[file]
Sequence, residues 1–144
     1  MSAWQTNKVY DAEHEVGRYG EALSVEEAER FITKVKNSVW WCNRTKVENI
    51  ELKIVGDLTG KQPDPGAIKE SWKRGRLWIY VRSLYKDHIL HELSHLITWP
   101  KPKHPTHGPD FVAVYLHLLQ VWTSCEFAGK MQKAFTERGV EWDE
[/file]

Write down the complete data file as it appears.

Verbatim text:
Sequence, residues 1–144
     1  MSAWQTNKVY DAEHEVGRYG EALSVEEAER FITKVKNSVW WCNRTKVENI
    51  ELKIVGDLTG KQPDPGAIKE SWKRGRLWIY VRSLYKDHIL HELSHLITWP
   101  KPKHPTHGPD FVAVYLHLLQ VWTSCEFAGK MQKAFTERGV EWDE